Alan Sharp

Drafting Tools in TBC v5.0

Blog Post created by Alan Sharp on Dec 11, 2018

In this Blog I will start to capture "How Tos" for Drafting in TBC.


Point Labeling is a common request in TBC. There are two ways to Label Points in TBC. The first is a "Quick and Dirty" method, and is not designed for final drawing production. In the View Filter Manager you can turn on Point Id, Point Code / Description and Elevation values. This is designed to give you point data on screen that you can use before getting to your final drawing production. The size of the text here is defined in Support - Options and then the Object Labels font and size selection. It defaults to 10 point Font. You may want to make that e.g. 8 point Font. When placed, this text changes in size so that it is always 8 point font no matter what scale or zoom level you are at. The Text relative to your Drawing / Model will get Larger as you zoom out and smaller when you zoom in (but it is always the same size - but changes relative to your drawing). 


The second method is to use the Label Points command from the Drafting Menu. In this case you define Point Label Styles that utilize a Text Style to generate point labels on a selected set of points. The Label Style Manager - Point Labels tab is where you define what the Point Labels look like. I recommend that you define these in your Project Template so that you have them every time you create a New project. The video below shows how to create these and how to deploy them.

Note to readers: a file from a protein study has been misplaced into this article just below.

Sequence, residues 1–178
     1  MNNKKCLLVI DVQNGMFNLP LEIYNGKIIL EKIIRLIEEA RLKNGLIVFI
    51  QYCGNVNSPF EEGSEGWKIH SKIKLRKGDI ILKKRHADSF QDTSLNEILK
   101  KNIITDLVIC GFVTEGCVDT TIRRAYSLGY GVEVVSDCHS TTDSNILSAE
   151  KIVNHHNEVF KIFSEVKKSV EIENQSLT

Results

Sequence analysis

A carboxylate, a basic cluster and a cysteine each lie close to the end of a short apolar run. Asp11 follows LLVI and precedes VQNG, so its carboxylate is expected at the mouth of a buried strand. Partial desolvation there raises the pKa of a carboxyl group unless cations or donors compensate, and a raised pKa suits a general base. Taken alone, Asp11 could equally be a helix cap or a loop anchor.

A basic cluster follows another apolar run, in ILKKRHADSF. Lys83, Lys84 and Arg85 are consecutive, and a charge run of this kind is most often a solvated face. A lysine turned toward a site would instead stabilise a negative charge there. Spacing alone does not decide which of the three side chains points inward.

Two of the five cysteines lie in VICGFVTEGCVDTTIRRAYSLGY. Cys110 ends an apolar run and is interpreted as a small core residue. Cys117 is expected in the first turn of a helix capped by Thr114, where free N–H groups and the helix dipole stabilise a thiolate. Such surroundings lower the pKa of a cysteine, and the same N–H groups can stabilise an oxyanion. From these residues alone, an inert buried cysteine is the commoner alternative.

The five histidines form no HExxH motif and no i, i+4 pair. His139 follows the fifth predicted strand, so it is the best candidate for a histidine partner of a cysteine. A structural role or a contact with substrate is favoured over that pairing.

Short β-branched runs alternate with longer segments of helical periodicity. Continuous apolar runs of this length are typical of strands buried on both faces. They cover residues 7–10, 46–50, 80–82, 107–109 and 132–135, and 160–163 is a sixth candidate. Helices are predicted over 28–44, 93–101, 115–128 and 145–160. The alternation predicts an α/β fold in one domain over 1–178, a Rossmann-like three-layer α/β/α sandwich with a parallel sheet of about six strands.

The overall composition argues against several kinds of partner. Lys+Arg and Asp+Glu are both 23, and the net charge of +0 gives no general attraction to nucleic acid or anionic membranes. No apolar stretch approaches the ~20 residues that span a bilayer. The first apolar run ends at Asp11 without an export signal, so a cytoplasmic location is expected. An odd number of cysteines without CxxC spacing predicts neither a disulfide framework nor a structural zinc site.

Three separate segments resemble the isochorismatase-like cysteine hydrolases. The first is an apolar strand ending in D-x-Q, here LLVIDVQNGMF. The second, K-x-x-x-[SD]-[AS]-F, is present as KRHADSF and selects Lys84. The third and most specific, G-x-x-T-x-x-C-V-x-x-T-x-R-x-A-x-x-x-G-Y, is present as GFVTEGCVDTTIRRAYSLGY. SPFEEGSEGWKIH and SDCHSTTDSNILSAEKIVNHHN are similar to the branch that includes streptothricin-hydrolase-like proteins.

1. Create Text Styles that are "For Purpose" i.e. in this case create a Text Style called Labels - Points and set the size of the text as you want it in Sheet Units. That way when you plot at different scales, the Text Height will change based on the scale selected.  Giving them a specific name like Labels - Points, makes it easy to find them in the list of Text Styles. I deleted all of the Text Styles in my Text Style List that are called Font Name - Font Size in preference to named styles that I use for different purposes - like Cut Fill Map - Labels, Cut Fill Map - Legend, Cut Fill Map - Legend Title etc. so that I know what they are all for.
  2. Create the Label Styles that you need and save them in your default Project Template(s) so that you always have them available - no matter which project you are working on.
  3. You can create Point Labels that refer to an alignment (that extracts the Station and Offset of the Point) or to a Surface (that extracts the Delta Elevation between the point and the target surface) or both Alignment and Surface. Before using these types of label in any project, you need to select the Alignment and or Surface model in the Label Style Editor (because the Alignment Name and or Target Surface names will typically change between projects and even between labeling processes in a single project.


Here is the Video



If you have specific Drafting Questions, please capture them in this Blog Post so that we have this as a great reference going forwards.